I was quite surrounded by acquaintances, especially gentlemen; and what with Mr. Hampson, Mr. Seymour, Mr. W. Knatchbull, Mr. Guillemarde, Mr. Cure, a Captain Simpson, brother to the Captain Simpson, besides Mr. Walter and Mr. Egerton, in addition to the Cookes, and Miss Beckford, and Miss Middleton, I had quite as much upon my hands as I could do.
Poor Miss B. has been suffering again from her old complaint, and looks thinner than ever. She certainly goes to Cheltenham the beginning of June. We were all delight and cordiality of course. Miss M. seems very happy, but has not beauty enough to figure in London.
Including everybody we were sixty-six - which was considerably more than Eliza had expected, and quite enough to fill the back drawing-room and leave a few to be scattered about in the other and in the passage.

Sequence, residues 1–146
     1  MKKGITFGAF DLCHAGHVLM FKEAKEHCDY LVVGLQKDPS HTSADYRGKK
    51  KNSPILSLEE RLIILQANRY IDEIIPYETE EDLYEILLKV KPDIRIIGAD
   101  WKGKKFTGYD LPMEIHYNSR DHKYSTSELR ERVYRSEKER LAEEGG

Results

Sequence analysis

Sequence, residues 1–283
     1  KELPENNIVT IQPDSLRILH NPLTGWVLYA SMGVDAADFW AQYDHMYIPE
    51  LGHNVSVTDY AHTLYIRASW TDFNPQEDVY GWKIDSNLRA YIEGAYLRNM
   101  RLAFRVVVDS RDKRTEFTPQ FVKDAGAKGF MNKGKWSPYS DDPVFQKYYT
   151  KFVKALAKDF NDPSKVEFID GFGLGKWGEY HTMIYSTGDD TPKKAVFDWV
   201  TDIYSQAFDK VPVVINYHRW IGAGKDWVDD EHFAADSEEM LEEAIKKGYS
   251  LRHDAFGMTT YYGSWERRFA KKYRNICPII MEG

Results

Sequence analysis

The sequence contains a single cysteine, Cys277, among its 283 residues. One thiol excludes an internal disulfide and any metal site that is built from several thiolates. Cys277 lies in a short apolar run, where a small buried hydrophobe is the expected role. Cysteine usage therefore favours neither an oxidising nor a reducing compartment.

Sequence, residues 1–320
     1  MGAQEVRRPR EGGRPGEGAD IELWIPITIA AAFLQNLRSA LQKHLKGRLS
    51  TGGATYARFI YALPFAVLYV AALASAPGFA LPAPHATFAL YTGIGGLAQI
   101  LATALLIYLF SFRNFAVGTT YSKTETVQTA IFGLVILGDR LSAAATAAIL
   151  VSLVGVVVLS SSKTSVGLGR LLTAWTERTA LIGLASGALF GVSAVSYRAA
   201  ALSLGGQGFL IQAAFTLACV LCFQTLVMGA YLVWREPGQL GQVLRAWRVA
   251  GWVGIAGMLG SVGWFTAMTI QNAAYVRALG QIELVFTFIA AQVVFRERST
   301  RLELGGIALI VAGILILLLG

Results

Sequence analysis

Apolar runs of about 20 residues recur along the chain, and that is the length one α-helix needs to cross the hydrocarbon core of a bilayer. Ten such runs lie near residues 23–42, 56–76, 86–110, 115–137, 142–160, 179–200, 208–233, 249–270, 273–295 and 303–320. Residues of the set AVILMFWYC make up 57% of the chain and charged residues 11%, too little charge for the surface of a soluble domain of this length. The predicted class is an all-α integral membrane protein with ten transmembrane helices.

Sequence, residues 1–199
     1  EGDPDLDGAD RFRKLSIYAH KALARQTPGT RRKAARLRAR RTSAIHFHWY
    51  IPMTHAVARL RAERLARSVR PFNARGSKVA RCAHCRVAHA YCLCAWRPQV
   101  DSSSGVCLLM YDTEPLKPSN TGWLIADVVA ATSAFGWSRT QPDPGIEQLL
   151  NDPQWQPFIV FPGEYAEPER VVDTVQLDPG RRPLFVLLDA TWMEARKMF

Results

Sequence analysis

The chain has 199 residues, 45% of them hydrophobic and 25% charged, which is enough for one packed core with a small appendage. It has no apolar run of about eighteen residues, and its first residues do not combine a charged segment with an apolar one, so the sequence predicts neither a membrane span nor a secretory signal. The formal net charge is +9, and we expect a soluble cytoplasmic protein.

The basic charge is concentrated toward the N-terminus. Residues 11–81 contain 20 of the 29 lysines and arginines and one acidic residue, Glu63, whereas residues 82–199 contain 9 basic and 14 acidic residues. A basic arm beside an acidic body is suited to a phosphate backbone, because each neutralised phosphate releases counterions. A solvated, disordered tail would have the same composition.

The music was extremely good. It opened (tell Fanny) with "Poike de Parp pirs praise pof Prapela"; and of the other glees I remember, "In peace love tunes," "Rosabelle," "The Red Cross Knight," and "Poor Insect." Between the songs were lessons on the harp, or harp and pianoforte together; and the harp-player was Wiepart, whose name seems famous, though new to me. There was one female singer, a short Miss Davis, all in blue, bringing up for the public line, whose voice was said to be very fine indeed; and all the performers gave great satisfaction by doing what they were paid for, and giving themselves no airs. No amateur could be persuaded to do anything.
The house was not clear till after twelve. If you wish to hear more of it, you must put your questions, but I seem rather to have exhausted than spared the subject.